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Agile Topples Broadband Barrier

  • 08 October, 2003 13:34

<p>Internet age carrier Agile Communications has toppled the population barrier by delivering broadband Internet access to a 900-person town in South Australia.</p>
<p>The Adelaide-based company this week switched on broadband services for Meningie - the gateway town for SA's beautiful Coorong region - delivering DSL-based Internet access in a rural area that is considered uneconomic by larger carriers.</p>
<p>The Meningie broadband rollout is the latest success for Agile Communications, which in May 2001 launched the Coorong Project, a $1.3 million Networking The Nation initiative that has changed the face of telecommunications in the Coorong. Agile's combination of Internet Protocol networking and fibre optic-capacity wireless communications, has slashed the cost of phone calls in the region.</p>
<p>Agile Communications' partner in the project, the Coorong District Council estimates the network has saved the council alone more than $30,000 a year in reduced call and data charges.</p>
<p>Agile Communications managing director Simon Hackett said the Meningie broadband rollout was just the start of the company's plans in rural and remote areas. "The telecommunications industry has largely forgotten regional Australia because of its low population density," he said.</p>
<p>"Agile Communications has combined world-leading equipment with the experience and expertise it has gained from the Coorong Project to dramatically lower the bar in terms of the number of people to which we can deliver broadband services economically."</p>
<p>Agile estimates that its breakthrough technology can cost-effectively deliver broadband Internet access to communities that Telstra regards as too small to supply. The Meningie rollout demonstrates its commercial ability to deliver broadband services.</p>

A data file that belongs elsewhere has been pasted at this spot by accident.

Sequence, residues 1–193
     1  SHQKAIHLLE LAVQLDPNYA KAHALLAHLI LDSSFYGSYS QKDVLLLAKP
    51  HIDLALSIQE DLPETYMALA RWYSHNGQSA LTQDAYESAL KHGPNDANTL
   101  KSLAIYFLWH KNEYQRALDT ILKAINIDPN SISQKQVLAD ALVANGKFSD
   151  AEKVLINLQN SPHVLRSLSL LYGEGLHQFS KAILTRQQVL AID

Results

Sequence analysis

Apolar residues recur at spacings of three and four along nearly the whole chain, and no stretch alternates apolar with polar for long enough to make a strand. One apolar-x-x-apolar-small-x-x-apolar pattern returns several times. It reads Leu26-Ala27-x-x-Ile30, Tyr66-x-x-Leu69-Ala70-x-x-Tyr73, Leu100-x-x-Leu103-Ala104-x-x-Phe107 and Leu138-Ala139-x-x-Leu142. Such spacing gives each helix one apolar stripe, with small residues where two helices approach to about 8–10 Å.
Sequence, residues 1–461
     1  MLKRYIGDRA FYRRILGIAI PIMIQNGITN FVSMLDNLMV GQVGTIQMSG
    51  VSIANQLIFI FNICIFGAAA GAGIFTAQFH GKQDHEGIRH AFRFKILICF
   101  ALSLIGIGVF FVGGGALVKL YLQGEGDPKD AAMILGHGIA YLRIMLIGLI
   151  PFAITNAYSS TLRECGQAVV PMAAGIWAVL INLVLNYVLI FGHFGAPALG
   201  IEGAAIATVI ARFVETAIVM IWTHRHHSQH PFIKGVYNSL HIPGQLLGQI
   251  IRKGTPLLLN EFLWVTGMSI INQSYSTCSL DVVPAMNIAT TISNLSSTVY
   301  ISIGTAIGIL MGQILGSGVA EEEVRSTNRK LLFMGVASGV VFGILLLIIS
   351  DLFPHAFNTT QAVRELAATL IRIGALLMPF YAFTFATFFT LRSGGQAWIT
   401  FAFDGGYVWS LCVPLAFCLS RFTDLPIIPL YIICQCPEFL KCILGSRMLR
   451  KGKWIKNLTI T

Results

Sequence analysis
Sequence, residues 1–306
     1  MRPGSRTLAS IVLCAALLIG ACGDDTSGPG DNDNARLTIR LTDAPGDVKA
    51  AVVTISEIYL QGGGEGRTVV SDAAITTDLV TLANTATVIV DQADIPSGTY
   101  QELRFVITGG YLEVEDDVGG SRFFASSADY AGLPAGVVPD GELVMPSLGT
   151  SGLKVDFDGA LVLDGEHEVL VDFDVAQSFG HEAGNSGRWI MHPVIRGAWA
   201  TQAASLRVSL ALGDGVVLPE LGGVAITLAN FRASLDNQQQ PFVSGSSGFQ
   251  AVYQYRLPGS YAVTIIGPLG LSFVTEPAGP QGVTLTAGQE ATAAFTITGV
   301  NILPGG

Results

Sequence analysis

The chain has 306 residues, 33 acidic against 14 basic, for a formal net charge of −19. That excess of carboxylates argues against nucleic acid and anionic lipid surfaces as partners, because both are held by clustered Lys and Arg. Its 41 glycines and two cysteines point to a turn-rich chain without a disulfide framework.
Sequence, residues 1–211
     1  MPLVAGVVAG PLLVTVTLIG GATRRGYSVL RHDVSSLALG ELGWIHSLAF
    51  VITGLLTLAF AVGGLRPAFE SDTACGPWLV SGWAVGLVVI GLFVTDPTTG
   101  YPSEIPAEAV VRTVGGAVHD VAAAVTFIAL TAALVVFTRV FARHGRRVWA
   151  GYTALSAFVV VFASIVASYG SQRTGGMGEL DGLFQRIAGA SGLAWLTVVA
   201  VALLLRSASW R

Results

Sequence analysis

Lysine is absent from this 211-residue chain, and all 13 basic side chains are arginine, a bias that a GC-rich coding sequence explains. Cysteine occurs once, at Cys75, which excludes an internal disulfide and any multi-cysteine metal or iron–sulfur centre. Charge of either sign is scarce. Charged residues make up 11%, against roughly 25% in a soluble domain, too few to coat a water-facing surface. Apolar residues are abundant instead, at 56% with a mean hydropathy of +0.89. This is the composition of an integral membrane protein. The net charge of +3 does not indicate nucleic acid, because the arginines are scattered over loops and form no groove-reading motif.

<p>Agile's first broadband customer in Meningie, Kym Cleggett, who is the Coordinator of Information Services for the Coorong District Council, said the future of regional communities revolved around broadband access to information, services and even shopping.</p>
<p>"When you live in rural and remote areas, the Internet is your window to the world," he said.</p>
<p>"Most people in these areas have heard the hype about broadband, but it's not coming to a house near you at anytime soon. It seems that if you have a population of less than 20,000 people in a regional area, you don't get taken seriously by any of the big carriers.</p>
<p>"Broadband is essential to providing opportunities for business, whether that's local doctors or companies that need to communicate with their suppliers. In some cases, it may be the difference between a business starting up or staying here.</p>
<p>"Having a company like Agile, who are technically very good at what they do and interested in the IP world, makes a lot of difference. It has provided the infrastructure for broadband in areas that would otherwise not receive it. After all, unless you build a nice highway, you will never have flash cars driving along it."</p>
<p>About Agile Communications
Agile Communications, www.agile.com.au, the wholesale partner of national ISP Internode, was the first South Australian-based company to gain a national telecommunications licence, granted in May 1998. Using Internet Protocol-based technology the carrier achieves price-performance points unavailable through traditional carrier networks.</p>

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